keywords = "in‐work benefits, labour supply, discrete choice, inequality, tax‐benefit, microsimulation",
author = "Saša Ranđelović and Marko Vladisavljević and S Vujić and Jelena Žarković‐Rakić",
year = "2013",
month = "6",
language = "English",
type = "WorkingPaper",

}

TY - UNPB

T1 - Labor Supply and Inequality Effects of In‐Work Benefits: Emiprical Evidence from Serbia

AU - Ranđelović,Saša

AU - Vladisavljević,Marko

AU - Vujić,S

AU - Žarković‐Rakić,Jelena

PY - 2013/6

Y1 - 2013/6

N2 - The labour force participation rate of the working age population in Serbia in 2012 stood at 64%, while the inactivity rate was considerably above the EU average. There are several studies arguing that high inactivity rates are mostly due to the design of the tax and the benefit system. Our paper provides ex‐ante evaluation of the impact of in‐work benefit schemes in Serbia on labour supply and income distribution. In‐work benefits are meanstested transfers given to individuals conditional on their employment status. For the purpose of this analysis we combine the tax and benefit micro‐simulation model for Serbia with a structural discrete choice labour supply model. We simulate two in‐work benefit schemes: the first one is a means‐tested one on family income while the second one is a purely individualized policy. Our results show that the IWB assessed at the household level encourage the participation of single individuals, while benefit that is conditioned on individual earnings have greater incentive effects than the family‐based alternatives since they do not discourage the participation of second‐earners in a couple. Most of the behavioural changes take place among the poorest individuals with important redistributive effects.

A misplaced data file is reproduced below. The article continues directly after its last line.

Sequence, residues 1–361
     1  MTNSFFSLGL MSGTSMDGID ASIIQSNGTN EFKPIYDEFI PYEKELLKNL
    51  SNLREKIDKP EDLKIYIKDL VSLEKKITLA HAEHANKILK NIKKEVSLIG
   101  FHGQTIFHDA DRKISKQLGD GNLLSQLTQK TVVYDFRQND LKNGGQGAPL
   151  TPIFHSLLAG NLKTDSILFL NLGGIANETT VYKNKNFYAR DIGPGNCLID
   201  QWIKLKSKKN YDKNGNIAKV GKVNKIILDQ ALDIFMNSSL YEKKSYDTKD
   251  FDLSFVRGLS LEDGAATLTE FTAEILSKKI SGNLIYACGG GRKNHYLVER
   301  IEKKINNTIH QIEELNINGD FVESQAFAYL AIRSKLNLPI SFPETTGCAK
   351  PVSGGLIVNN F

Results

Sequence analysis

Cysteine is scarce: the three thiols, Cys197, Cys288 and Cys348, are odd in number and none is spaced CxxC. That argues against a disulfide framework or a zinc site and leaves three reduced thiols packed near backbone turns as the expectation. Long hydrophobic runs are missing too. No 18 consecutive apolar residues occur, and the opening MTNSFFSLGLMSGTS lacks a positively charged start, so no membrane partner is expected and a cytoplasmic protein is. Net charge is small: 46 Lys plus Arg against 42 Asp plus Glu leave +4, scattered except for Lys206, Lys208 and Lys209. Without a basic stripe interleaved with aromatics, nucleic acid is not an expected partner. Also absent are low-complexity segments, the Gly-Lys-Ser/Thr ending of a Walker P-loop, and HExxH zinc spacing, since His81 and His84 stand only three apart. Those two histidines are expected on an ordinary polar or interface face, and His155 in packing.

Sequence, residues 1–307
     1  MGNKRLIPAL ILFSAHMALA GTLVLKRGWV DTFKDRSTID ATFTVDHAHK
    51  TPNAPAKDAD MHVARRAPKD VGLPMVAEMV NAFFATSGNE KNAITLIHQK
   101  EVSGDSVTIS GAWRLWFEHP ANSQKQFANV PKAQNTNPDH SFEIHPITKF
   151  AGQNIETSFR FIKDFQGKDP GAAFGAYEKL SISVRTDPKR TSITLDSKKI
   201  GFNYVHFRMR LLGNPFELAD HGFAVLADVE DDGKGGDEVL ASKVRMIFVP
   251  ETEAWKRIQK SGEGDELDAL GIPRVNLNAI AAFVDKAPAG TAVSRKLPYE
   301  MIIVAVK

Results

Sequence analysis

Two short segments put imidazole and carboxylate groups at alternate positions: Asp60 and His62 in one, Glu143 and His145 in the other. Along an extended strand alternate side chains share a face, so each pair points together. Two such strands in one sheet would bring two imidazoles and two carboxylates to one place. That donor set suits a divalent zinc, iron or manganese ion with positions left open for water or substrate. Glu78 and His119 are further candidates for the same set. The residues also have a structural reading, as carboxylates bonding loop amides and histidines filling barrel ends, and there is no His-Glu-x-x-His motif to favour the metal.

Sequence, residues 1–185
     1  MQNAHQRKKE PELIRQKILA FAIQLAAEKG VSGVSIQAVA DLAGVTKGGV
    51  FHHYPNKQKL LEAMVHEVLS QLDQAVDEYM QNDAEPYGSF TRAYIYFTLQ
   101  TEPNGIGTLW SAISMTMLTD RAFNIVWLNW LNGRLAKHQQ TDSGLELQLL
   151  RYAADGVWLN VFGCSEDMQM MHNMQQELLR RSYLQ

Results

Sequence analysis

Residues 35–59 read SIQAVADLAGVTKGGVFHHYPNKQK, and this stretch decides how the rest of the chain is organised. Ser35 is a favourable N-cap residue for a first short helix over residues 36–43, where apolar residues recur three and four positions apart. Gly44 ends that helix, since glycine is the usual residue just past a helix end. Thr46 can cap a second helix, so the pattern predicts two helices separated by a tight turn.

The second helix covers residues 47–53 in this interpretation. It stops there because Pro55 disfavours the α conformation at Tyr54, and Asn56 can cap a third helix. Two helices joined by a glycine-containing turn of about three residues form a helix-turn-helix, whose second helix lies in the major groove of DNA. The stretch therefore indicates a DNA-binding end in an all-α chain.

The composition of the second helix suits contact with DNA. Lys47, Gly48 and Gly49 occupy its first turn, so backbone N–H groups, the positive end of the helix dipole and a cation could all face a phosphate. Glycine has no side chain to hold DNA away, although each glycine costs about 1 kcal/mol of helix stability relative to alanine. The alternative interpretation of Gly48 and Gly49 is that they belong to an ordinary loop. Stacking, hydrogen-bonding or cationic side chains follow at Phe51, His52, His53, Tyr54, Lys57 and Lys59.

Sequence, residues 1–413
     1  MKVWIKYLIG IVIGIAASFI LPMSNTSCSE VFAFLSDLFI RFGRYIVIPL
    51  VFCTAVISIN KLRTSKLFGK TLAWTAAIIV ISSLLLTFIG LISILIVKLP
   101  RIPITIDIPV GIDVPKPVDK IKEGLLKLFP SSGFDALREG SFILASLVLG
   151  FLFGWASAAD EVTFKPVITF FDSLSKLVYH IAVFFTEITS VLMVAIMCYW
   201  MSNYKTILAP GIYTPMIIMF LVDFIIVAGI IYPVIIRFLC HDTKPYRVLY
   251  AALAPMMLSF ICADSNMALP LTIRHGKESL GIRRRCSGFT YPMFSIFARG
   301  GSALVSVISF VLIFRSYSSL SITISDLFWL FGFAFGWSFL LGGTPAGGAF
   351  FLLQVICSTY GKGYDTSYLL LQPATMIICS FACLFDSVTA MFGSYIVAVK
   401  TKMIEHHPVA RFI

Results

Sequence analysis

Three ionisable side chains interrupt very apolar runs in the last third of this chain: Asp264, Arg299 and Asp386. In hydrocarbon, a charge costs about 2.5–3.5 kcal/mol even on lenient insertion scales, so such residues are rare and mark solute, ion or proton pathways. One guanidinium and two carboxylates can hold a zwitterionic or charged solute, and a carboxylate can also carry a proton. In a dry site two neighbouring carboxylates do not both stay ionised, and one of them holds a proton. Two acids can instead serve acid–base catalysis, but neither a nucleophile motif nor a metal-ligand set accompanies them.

AB - The labour force participation rate of the working age population in Serbia in 2012 stood at 64%, while the inactivity rate was considerably above the EU average. There are several studies arguing that high inactivity rates are mostly due to the design of the tax and the benefit system. Our paper provides ex‐ante evaluation of the impact of in‐work benefit schemes in Serbia on labour supply and income distribution. In‐work benefits are meanstested transfers given to individuals conditional on their employment status. For the purpose of this analysis we combine the tax and benefit micro‐simulation model for Serbia with a structural discrete choice labour supply model. We simulate two in‐work benefit schemes: the first one is a means‐tested one on family income while the second one is a purely individualized policy. Our results show that the IWB assessed at the household level encourage the participation of single individuals, while benefit that is conditioned on individual earnings have greater incentive effects than the family‐based alternatives since they do not discourage the participation of second‐earners in a couple. Most of the behavioural changes take place among the poorest individuals with important redistributive effects.

KW - in‐work benefits

KW - labour supply

KW - discrete choice

KW - inequality

KW - tax‐benefit

KW - microsimulation

UR - http://iweb.cerge-ei.cz/pdf/gdn/RRCXII_27_paper_01.pdf

M3 - Working paper

BT - Labor Supply and Inequality Effects of In‐Work Benefits: Emiprical Evidence from Serbia

ER -